Protecting Your Online Identity
As an infosec consultant, I see technology used in unintended, malicious, and downright mean ways every day. Despite all the movie scenes of green binary numbers swirling around the heads of evil computer geniuses as they ‘hack the mainframe’, a lot of damage can be done with very little technical knowledge. Accessibility, extensibility, and many of the features that make online content popular and useful can be, by their very nature, security vulnerabilities that can be exploited without altering the applications at all. A little creativity goes a long way.
In the social networking arena especially, the pervasiveness of user-generated content combined with the very personal aspects of social interactions can create a mine field of hidden risks to an innocent, every day person’s reputation, relationships, career prospects, and sometimes life. Most of the readers here are familiar with risk mitigating tactics like those suggested by the FTC. There’s another less known and growing risk to social media users: online identity hijacking.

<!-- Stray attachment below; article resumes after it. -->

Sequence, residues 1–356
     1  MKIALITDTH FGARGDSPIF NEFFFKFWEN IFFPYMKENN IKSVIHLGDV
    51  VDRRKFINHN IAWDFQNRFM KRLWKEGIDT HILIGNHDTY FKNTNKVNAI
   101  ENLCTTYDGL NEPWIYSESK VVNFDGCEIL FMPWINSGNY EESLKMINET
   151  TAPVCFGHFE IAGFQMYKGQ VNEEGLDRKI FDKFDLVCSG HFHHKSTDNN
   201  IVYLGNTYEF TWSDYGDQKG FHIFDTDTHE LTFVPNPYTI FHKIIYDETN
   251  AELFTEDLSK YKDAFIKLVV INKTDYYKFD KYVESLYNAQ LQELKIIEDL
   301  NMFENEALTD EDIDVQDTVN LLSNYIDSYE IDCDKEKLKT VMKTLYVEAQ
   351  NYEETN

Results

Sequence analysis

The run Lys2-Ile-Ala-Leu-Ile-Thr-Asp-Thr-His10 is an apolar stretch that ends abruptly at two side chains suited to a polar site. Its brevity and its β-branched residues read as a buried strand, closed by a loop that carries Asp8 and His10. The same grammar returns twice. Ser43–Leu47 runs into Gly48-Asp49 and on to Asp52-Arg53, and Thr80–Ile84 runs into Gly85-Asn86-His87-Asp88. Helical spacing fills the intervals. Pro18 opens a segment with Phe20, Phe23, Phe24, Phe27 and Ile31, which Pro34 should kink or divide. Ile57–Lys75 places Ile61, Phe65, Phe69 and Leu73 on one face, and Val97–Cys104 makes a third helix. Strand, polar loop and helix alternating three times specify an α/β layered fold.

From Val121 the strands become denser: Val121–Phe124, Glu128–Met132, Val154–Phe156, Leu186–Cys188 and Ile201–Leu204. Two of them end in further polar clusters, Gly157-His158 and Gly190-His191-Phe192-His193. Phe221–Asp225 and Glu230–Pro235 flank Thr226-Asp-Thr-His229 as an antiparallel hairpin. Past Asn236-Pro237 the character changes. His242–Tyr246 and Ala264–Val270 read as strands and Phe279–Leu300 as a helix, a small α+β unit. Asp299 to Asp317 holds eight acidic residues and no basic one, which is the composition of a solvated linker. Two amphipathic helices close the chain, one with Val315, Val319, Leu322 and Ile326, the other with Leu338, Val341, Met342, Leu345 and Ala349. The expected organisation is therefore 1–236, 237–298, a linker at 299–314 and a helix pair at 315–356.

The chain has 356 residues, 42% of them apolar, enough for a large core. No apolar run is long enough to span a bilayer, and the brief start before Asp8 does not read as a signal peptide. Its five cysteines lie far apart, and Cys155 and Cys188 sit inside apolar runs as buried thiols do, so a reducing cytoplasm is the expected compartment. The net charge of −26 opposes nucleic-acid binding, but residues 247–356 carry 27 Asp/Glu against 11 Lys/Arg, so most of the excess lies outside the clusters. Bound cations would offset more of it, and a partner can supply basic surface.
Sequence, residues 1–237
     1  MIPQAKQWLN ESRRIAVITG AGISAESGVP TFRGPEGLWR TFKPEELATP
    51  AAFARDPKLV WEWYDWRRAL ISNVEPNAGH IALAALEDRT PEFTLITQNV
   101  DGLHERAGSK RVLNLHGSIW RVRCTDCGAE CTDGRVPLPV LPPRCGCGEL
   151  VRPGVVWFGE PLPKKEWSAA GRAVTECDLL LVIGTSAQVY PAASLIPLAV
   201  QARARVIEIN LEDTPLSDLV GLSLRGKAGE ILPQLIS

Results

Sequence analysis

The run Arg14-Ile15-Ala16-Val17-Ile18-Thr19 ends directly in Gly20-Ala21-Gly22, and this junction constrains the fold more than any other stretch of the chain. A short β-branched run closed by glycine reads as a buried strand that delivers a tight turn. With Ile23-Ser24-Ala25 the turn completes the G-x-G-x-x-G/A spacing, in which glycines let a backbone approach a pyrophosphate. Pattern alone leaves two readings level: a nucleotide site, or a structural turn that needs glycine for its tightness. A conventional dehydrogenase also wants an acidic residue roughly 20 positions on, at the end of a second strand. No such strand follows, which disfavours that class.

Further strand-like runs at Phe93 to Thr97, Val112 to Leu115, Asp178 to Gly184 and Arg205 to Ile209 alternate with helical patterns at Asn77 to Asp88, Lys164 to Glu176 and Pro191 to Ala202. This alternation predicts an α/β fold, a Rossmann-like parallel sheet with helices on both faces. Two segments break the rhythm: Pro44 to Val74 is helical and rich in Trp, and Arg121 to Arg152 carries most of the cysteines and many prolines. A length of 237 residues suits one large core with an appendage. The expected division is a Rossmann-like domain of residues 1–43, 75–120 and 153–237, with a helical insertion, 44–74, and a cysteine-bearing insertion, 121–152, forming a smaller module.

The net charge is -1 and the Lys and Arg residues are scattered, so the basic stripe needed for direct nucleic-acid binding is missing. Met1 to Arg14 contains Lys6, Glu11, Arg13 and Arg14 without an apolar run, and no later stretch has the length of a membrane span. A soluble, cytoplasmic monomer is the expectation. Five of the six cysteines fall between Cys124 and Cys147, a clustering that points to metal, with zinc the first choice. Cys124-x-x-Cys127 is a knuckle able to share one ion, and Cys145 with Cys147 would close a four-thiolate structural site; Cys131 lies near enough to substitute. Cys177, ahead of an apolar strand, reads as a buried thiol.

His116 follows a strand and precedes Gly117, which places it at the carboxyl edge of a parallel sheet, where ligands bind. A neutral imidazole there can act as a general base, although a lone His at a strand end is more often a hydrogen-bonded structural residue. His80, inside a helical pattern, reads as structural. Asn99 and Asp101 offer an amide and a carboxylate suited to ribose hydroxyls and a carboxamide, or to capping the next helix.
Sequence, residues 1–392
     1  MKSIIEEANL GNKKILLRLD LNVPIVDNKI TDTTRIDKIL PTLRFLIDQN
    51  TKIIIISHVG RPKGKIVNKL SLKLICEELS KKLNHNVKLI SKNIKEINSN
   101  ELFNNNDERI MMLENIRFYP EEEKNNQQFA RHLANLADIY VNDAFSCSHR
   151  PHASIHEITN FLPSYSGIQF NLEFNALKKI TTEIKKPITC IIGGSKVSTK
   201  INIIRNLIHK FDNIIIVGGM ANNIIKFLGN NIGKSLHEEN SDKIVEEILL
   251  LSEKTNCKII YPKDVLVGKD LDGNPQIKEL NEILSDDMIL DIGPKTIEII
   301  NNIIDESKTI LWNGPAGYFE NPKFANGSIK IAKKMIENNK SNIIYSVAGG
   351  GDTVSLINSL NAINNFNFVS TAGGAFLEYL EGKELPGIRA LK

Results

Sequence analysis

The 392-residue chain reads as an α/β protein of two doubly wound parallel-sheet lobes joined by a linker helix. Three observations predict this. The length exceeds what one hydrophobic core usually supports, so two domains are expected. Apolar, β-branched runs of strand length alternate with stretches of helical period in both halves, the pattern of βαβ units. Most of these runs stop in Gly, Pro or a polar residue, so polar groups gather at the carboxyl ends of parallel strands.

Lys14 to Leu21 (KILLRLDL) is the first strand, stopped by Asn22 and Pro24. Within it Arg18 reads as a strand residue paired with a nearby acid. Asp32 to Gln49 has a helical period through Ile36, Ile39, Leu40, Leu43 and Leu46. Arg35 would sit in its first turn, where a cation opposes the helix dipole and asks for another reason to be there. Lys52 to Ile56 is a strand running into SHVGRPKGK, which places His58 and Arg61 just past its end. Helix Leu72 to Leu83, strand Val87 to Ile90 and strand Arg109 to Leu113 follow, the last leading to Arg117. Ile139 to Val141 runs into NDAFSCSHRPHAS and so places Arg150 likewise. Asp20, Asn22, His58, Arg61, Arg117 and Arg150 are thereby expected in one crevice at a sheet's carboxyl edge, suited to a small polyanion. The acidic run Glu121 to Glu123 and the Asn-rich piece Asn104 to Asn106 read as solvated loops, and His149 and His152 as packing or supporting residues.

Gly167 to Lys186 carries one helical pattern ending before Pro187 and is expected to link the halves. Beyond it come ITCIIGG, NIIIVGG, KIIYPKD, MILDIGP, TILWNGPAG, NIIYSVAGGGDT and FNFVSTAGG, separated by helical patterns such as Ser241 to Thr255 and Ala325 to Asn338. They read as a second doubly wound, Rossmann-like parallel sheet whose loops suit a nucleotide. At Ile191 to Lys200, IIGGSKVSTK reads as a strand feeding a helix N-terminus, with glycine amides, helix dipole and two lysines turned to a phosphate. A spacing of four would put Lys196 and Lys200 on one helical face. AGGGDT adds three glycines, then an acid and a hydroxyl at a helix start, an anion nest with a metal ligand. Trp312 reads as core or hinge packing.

Since signing up for a social networking site generally doesn’t require authentication, hijacking someone’s online identity is as easy as typing in a name and a few pieces of information easily found on the Web. At one of last year’s Agoras hosted by the University of Washington CIAC, one of the speakers described his own identity hijacking experiment. A security expert volunteered to allow the researcher to hijack his identity. Using only what he could find online, the researcher created and maintained an account for the expert. It even fooled the expert’s own sister!
Last year, the Aladdin AIRC predicted that 2009 would see a surge in threats against social media, especially identity hijacking. While there’s no way to completely remove the risk, there are some steps to make things for difficult for the hijackers. Identity theft expert Robert Siciliano shares some great ideas on his blog at http://realtysecurity.com.